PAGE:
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Abbott Handerson Thayer Portrait

Abbott Handerson Thayer

Also Known as: Abbott H. Thayer, Abbott Thayer

Boston, Massachusetts 1849

Dublin, New Hampshire 1921

Active in:

  • New York, New York
  • Scarborough, New York

Photo Caption:
National Portrait Gallery, Smithsonian Institution

Luce Artist Quote

"But never, with me, read between the lines, for there is . . . nothing there." Abbott Thayer, quoted in Nemerov, "Vanishing Americans: Abbott Thayer, Theodore Roosevelt, and the Attraction of Camouflage," American Art, Summer 1997


Painter, best known for his idealistic and allegorical paintings of women as angels and madonnas. His interest in color and nature led to his writing Concealing Coloration in the Animal Kingdom (1909), the basis for camouflage techniques in World War I.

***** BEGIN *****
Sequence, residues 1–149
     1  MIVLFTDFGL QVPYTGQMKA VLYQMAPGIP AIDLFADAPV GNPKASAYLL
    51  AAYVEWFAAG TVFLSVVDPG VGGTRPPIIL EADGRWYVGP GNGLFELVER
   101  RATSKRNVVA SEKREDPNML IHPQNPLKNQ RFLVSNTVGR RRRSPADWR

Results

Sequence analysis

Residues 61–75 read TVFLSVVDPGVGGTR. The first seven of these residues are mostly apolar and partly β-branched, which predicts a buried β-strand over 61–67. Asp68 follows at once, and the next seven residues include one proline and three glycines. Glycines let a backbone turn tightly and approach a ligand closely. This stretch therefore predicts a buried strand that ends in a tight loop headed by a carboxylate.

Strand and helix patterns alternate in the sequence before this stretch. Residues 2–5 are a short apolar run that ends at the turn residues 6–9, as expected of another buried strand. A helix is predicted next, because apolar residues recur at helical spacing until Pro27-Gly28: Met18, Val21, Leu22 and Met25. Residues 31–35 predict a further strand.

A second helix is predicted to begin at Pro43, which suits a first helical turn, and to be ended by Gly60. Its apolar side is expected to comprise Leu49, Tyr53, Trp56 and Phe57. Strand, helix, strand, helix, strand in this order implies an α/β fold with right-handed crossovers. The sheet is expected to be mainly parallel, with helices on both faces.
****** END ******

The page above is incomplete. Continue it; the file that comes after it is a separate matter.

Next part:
Joan Stahl American Artists in Photographic Portraits from the Peter A. Juley & Son Collection (Washington, D.C. and Mineola, New York: National Museum of American Art and Dover Publications, Inc., 1995)

Additional Biographies

Luce Artist Biography

When Abbott Handerson Thayer turned eighteen, his family moved from Keene, New Hampshire, to Brooklyn, where the thriving art and literary scene fed his imagination. For a time Thayer studied in Paris, and soon after his return to New York his career prospered. But his wife, Kate, suffered from extreme depression, and Thayer struggled to sustain his inspiration without her emotional support. The loss of Kate remained a source of sadness and he looked for strength in his children, whom he painted as allegorical and religious figures. The family moved to Dublin, New Hampshire, where Thayer painted outdoors and wrote articles for professional journals on his theories of animal camouflage. In 1909 he coauthored with his son, Gerald, a book that became an important resource for camouflage techniques during World War I. (Murray, "Abbott Thayer's Stevenson Memorial," American Art, Summer 1999)